When the mistake of burying Essie Dunbar alive was discovered, it quickly became a major news story in the small South Carolina town where she lived. Residents were shocked and appalled by the incident and expressed their outrage to local officials. The mayor of the town issued a statement expressing regret for the incident and calling for an investigation into how such a grave error could have occurred. In response to public outcry, cemetery workers responsible for Essie’s mistaken burial were replaced with new staff who would be more diligent in their duties.

When Dunbar climbed out of the grave everyone ran, thinking she was a ghost of the dead. Since that day, everyone in Blackville looked at Essie Dunbar with suspicion, thinking that she is some sort of zombie. There isn’t a specific account from that period or any other contemporaneously published accounts about this event from this time, but there is a newspaper article from 1955 published in the Augusta Chronicle (25 August 1955), that mentions Dr. Briggs and how he incorrectly declared one of his patients (Dunbar) dead in 1915.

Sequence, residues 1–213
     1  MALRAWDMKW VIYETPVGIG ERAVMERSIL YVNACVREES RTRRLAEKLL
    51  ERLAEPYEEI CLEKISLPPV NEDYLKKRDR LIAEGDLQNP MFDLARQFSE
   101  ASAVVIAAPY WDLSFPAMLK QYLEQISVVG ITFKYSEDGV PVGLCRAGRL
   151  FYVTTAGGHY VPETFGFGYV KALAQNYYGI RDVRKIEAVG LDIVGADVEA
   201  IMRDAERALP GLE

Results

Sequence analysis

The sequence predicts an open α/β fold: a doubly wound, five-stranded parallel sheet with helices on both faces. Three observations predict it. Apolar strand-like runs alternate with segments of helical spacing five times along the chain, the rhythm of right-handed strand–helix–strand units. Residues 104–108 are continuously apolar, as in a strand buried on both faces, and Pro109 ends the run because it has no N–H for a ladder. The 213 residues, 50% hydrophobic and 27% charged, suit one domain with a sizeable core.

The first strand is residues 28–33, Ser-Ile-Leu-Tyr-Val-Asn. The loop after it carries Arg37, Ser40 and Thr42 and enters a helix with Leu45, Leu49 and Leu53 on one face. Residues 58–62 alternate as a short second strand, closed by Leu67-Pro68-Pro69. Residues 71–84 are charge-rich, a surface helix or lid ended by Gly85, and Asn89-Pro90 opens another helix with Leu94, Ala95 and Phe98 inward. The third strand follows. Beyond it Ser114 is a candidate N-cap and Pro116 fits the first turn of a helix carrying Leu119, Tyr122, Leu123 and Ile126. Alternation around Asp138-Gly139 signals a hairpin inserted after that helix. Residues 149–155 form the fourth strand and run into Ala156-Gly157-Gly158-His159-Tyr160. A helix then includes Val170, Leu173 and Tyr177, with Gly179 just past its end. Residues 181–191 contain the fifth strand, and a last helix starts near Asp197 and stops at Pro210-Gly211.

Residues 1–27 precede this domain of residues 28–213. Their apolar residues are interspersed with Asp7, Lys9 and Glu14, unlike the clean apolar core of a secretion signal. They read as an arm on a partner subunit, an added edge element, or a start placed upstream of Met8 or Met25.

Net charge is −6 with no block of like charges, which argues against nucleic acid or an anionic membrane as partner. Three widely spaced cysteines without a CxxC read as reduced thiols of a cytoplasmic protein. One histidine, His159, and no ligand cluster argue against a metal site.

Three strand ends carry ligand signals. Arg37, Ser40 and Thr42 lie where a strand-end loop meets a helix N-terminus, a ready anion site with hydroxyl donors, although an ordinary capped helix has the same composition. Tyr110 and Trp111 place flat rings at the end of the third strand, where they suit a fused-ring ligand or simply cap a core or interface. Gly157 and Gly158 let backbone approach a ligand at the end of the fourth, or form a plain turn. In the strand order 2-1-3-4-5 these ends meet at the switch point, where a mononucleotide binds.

There is another account from a local physician that treated a minister who was affected by what they witnessed at the funeral:

BLACKVILLE, S.C. — Essie Dunbar, 70, has outlived the doctor who pronounced her dead 40 years ago. The Blackville Negro was picking cotton today, very much alive, even though her funeral was preached and her coffin sealed nearly half a century ago, The strange saga of her “death”, known to most of this south-central Carolina town’s older residents, was unfolded today to a Chronicle reporter by Dr. O.D. Hammond, a local physician who treated a minister who was injured as a result of the bizarre incident.